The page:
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Wow, guys. Thanks for all the responses. I'd like to respond to you all, but I'm kind of reeling. Checked in three times to read these responses and trying to find a way to figure out how to respond myself.
I miss a lot of the things some of you mentioned -- my old neighborhood, my old friends. It seems most of the people I grew up with moved to NJ or Ct or something. My parents sold the family home of over 50 years last year, and its still hard for me to go down the block. So it seems some of the things that you guys miss, I do,too. I guess that's the nostalgia part. Art reminds me of the importance of your roots, of sharing a common culture -- a StatNisland culture. He also makes me realize the value of "city sophistication, small town provincialism, rural wildness and suburbia " Our SI culture has changed considerably since we've been around, but at its base, it's still here. Donna's enthusiasm for living here is a shot in the arm. Sometimes I need to be reminded how important it is for ME to be here, in this place, in this time. Living on Staten Island these days isn't easy -- but then, I guess times can be hard anywhere. It's true that there are some things you can't escape and that happiness has to come from inside. But sheesh! when a grown woman throws raw eggs from a speeding van at my two young children dressed in frilly Halloween costumes, man, I gotta wonder. However, I wrote the first few lines of my Staten Island epic after being caught in a whirlwind of wet maple leaves -- a deep yellow blur before me, they stuck to my hair, plastered my windbreaker.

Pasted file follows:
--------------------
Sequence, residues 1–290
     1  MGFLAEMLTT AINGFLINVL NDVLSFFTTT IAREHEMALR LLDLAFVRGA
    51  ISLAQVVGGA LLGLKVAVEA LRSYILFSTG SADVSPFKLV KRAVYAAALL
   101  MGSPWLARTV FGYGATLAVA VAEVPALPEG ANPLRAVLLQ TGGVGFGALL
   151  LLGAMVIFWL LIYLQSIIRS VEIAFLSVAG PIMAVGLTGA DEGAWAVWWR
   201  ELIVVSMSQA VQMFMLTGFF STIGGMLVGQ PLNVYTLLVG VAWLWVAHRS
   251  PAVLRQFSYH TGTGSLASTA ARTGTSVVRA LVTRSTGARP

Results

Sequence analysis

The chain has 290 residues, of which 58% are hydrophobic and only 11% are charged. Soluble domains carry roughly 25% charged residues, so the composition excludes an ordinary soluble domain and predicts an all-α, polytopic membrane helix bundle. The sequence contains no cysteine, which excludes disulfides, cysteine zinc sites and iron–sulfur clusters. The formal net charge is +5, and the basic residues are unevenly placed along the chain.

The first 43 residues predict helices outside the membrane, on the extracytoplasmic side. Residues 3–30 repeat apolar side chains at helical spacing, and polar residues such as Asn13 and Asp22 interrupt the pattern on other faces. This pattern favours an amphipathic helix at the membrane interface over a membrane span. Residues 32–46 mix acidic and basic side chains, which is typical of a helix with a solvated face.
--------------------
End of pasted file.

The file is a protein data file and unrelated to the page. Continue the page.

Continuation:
So, the sweet sausage and the pretty girls on the ferry, and the neighborhoods and the buses....they make me smile. I'm glad I chose to stay. To quote Mim, "real life takes over when you live there." Yup.



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